20th September 2021
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Freed death row inmate speaks to Eye Radio

Authors: Michael Daniel | Okot Emmanuel | Published: Tuesday, June 15, 2021

Kenneth Kawonda Joseph, 42 years who was released on Thursday June 10, 2021 from prison by court of appeal after 13 years on death row - credit | Michael Daniel | Eye Radio

Kenneth Kawonda Joseph didn’t think he would ever walk out of prison or stop calling the jail his home.

Some moments are just worth waiting for.

Now that Kawonda is free after spending 13 years on death row, he will surely appreciate all the little joys of life and more.

Kawonda a father of three kids who works as a security personal was convicted and sentenced to the most extreme penalty for murder he did not commit.

Later, he was exonerated with the help of the Justice and Human Rights Observatory Organization.

This month, the Court of Appeal has accepted his appeal and finally released.

He told his story to Eye radio after he was freed June 10, 2021.

Kawonda’s case is an extraordinary tale of justice delayed and denied.

The story starts in August 2008 with the murder of Jimmy Jibson and his body was discovered by police patrol on the road side. The patrolling was led by Jimmy Jibson’s friend and his drunk mate on the same day he got killed.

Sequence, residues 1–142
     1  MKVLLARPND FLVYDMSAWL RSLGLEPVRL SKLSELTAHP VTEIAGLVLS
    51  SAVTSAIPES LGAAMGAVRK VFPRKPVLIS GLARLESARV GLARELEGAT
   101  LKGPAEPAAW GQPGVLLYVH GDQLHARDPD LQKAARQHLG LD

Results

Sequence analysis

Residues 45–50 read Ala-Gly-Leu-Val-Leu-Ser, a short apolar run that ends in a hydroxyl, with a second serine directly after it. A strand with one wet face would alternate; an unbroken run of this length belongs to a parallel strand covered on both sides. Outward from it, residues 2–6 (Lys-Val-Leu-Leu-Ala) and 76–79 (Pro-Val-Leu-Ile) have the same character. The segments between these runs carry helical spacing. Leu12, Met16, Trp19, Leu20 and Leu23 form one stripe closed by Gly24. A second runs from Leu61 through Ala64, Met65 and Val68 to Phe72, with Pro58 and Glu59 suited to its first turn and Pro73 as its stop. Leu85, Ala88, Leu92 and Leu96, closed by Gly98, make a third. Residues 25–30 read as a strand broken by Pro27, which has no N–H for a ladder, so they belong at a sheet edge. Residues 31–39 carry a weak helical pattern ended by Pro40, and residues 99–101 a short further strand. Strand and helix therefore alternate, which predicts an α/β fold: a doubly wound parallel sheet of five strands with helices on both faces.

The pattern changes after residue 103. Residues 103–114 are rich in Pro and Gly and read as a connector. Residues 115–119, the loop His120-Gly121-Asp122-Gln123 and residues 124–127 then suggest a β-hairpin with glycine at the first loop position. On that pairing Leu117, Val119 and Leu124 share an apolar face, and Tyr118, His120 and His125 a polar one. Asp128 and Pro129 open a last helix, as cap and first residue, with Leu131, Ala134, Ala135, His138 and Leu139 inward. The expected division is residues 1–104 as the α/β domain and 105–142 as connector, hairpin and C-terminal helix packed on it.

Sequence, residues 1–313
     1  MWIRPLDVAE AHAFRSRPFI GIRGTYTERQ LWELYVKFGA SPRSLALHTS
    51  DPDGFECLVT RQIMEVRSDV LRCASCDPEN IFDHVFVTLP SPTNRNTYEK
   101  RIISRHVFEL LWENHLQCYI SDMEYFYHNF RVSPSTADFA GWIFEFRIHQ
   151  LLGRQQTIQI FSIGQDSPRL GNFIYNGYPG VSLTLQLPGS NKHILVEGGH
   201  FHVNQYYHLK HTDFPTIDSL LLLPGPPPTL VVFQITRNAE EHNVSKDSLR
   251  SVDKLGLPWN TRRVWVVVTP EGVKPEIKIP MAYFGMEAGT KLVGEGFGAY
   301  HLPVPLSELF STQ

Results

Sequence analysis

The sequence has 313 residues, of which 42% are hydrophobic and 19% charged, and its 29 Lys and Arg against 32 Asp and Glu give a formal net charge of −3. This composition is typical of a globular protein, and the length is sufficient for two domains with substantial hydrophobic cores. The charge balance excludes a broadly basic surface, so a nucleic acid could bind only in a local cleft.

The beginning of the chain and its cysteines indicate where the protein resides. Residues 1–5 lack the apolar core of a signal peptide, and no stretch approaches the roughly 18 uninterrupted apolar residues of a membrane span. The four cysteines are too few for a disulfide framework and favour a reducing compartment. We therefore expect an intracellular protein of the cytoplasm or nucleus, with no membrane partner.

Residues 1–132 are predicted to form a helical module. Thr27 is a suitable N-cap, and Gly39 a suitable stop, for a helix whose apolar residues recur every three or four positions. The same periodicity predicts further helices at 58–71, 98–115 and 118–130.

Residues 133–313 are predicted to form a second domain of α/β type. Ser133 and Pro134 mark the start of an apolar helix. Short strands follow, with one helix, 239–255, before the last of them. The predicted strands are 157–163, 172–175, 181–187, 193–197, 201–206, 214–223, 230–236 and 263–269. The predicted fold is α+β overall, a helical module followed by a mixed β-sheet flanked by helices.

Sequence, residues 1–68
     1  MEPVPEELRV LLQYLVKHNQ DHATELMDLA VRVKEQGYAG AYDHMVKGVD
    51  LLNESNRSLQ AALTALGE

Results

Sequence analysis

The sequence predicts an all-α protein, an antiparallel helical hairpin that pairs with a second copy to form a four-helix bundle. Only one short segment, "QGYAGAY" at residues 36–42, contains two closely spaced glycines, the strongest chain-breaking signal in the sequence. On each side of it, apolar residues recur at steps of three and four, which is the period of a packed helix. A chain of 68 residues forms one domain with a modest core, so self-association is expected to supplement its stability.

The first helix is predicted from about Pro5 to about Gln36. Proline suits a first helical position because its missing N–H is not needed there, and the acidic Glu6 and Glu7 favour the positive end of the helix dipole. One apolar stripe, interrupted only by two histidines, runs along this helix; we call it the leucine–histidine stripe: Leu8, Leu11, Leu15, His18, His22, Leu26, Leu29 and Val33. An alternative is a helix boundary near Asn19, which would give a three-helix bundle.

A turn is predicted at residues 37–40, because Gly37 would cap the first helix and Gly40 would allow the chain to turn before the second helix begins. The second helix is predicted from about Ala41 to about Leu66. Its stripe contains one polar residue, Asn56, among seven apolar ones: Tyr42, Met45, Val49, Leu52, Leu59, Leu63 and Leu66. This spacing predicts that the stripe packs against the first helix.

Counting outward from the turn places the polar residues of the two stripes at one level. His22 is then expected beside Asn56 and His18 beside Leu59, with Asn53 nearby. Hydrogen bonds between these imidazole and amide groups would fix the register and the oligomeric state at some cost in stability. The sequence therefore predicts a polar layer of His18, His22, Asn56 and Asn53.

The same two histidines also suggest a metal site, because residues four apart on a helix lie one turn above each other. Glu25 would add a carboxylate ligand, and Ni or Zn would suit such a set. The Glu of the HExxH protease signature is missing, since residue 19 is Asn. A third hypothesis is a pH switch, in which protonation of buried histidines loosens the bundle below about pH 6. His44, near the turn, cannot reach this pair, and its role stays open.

It was night time when Jimmy Jibson and his friend Voila Rudolf were sitting at African Hotel bar in Yambio town, when Kenneth Kawonda Joseph was invited by Jimmy to join them.

Kawonda asked Viola to dance with him but she refused and later she asked Jimmy to escort her to meet some people she was supposed to meet somewhere near the hotel.

On their way, Jimmy asked Viola to accompany him to his house but she refused and the two parted ways.

During security patrolling that night, Kawonda who led the patrol team discovered the dead body later identified as Jimmy.

The patrolling team reported the matter to the police where the first accused was an unknown person.

But, after the police conducted an investigation, Kawonda became the prime suspect and Voila, as the second.

Thereafter, Kawonda and Voila were taken to police custody.

Kawonda was accused of changing his civilian clothes to his military uniform after he left the hotel where he had spent time with the late Jimmy.

According to the medical report, the deceased was stabbed with a sharp object which was not found.